Deepening ties through art

Bishops and spouses explore the sacred space of artistic expression
November 1, 2005

Mary Howe has learned to break down barriers by picking up paintbrushes. “[Art] is just a wonderful opportunity to begin conversations with people that you wouldn’t normally have,” she said. “It gives you an opportunity to talk with people on another level and get beyond the barriers that exist.”

Howe lives in Kansas City, Mo., with her husband, Bishop Barry Howe of the Diocese of West Missouri. For the past five years, she has taken watercolor classes, furthering a hobby she has pursued since age 8. Although she says she is “very inspired” by nature, Howe paints almost anything: from flowers to vacation spots to portraits of her three grandchildren.

Since 2002, Howe has shared her work at informal art shows, such as last year’s exhibit at the House of Bishops meeting in Spokane, Wash. The exhibit featured work by bishops’ spouses that included painting, calligraphy, photography, music composition, pottery, vestments, millinery and carving. The first such show was held the previous year at the bishops’ gathering in Cleveland.

Lynette Williams, wife of retired Suffragan Bishop Arthur Williams of the Diocese of Ohio, arranged both events to strengthen relationships between the bishops’ spouses. “We really do get to see a different side of folks, other than just being married to a bishop,” she said.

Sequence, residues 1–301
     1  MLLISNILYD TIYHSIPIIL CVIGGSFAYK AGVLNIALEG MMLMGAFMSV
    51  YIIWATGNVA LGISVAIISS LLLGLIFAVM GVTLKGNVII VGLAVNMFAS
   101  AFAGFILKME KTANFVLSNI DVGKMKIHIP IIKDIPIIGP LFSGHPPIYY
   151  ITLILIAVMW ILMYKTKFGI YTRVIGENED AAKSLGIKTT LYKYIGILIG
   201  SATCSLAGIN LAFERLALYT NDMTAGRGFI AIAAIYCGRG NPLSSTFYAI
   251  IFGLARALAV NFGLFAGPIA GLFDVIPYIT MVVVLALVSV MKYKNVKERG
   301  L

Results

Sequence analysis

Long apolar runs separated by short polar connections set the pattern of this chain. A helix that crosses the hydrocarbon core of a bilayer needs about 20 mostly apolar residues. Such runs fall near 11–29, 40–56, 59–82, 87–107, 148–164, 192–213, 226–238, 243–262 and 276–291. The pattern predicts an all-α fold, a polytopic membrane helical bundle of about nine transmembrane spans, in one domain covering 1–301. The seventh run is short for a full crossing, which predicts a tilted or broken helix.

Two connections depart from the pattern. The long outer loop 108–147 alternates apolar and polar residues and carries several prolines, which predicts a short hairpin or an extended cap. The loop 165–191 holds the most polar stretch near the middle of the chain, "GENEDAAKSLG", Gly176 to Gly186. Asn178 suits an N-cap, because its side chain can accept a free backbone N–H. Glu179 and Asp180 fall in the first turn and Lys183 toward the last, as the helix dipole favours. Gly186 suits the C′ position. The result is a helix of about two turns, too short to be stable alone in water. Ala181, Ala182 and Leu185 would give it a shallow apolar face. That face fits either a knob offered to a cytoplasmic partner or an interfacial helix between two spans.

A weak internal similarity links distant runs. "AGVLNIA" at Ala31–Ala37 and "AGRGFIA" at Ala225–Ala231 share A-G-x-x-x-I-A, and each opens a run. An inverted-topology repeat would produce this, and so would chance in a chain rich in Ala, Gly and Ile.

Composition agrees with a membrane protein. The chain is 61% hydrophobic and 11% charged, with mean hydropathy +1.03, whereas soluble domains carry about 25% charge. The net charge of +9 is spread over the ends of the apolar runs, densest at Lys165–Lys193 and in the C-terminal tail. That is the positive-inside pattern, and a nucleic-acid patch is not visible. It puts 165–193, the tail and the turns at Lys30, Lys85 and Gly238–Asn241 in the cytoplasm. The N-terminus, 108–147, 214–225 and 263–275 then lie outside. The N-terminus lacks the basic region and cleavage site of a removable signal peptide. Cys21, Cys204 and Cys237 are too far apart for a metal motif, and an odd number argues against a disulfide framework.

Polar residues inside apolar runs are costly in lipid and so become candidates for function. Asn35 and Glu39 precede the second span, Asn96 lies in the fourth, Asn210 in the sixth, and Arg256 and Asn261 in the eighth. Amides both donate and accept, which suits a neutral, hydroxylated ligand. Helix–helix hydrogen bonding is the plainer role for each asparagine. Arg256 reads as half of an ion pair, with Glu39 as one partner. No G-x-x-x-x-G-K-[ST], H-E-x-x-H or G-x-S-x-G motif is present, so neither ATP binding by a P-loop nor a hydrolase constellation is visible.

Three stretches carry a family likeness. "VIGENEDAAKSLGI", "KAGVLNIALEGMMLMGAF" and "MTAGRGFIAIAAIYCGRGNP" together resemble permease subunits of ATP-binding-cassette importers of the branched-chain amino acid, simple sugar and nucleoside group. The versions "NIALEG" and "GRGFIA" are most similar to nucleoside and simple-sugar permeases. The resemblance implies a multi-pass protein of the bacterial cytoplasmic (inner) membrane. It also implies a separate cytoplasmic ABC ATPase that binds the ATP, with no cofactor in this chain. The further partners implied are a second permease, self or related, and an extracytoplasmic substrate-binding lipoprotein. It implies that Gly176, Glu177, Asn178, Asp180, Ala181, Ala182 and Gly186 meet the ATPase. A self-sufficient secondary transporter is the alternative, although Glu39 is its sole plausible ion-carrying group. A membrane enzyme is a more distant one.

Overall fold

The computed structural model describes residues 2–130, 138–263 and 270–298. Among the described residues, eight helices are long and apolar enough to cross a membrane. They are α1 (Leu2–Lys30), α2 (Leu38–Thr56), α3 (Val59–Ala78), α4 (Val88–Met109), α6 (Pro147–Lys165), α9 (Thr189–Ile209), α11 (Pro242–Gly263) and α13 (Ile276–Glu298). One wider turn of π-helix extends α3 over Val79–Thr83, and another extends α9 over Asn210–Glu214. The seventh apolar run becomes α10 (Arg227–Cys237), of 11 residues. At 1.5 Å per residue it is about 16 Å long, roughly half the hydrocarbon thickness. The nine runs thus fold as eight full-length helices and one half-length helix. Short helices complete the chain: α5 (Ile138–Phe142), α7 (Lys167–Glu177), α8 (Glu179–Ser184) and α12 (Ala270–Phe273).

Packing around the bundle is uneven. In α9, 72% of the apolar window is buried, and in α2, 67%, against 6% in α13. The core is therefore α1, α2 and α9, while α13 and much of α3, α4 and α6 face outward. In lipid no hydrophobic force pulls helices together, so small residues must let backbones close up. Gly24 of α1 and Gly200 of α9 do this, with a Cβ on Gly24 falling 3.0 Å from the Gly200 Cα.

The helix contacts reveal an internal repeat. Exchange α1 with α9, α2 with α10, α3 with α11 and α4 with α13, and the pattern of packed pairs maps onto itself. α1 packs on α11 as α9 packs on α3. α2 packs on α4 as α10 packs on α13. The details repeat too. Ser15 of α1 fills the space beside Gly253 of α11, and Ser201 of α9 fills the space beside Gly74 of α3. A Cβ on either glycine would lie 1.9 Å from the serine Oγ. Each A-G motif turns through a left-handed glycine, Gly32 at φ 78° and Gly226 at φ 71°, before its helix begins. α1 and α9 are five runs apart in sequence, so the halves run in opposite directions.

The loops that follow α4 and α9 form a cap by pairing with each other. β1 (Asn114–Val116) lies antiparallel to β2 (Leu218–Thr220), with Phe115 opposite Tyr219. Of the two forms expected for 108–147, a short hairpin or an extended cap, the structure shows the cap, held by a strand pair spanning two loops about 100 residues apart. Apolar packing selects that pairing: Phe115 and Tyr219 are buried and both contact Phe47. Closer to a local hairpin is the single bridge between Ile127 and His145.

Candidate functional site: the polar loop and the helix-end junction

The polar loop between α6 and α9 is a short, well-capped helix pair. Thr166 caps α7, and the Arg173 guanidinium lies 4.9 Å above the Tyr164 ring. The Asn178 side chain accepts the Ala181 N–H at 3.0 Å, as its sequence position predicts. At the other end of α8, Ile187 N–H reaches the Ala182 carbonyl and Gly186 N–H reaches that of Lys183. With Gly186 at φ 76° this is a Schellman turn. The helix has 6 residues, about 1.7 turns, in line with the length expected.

Bishops join the fun

Although the first show featured work solely by spouses, Williams invited bishops to share their creations in 2004. Bishop Michael Creighton (Diocese of Central Pennsylvania) displayed mahogany baby cradles, Bishop Gerry Wolf (Diocese of Rhode Island) showed her paintings on wood, and Bishop Thomas Shaw (Diocese of Massachusetts) contributed his ceramic pottery.

“It’s just a wide-open celebration of the creation of self expression,” Williams said. Bishop Catherine Waynick of the Diocese of Indianapolis did more than celebrate art – she brought a piece home. Waynick asked Howe if she could keep Howe’s photograph of an original watercolor, a serene flower garden titled My Heart Sings.

“It was very flattering to me that she liked it enough to take it home with her,” Howe said. The work had special meaning to Howe, who gave the original painting to The Rivendell Community, a religious community in southwestern Missouri, on the anniversary of her mother’s death.

Like Howe’s watercolor, many pieces displayed at the bishops’ meetings have special meaning to the artists who created them. “It was delightful to see other parts of people’s lives that you wouldn’t know about,” Howe said.

Not surprisingly, many of the works reflected their creator’s faith. While some were designed specifically for church use -- Anne Labat-Gepert’s Advent chasuble and stole, for instance – others were created through “divine inspiration.”

“I feel like it’s an expression of my spirituality,” Howe said. “It brings me into a sacred space when I am painting, and I feel close to God when I am in the midst of it.”

 -- Michelle Gabriel, a journalism graduate who interned with Episcopal Life in 2003, is studying law at Boston University.

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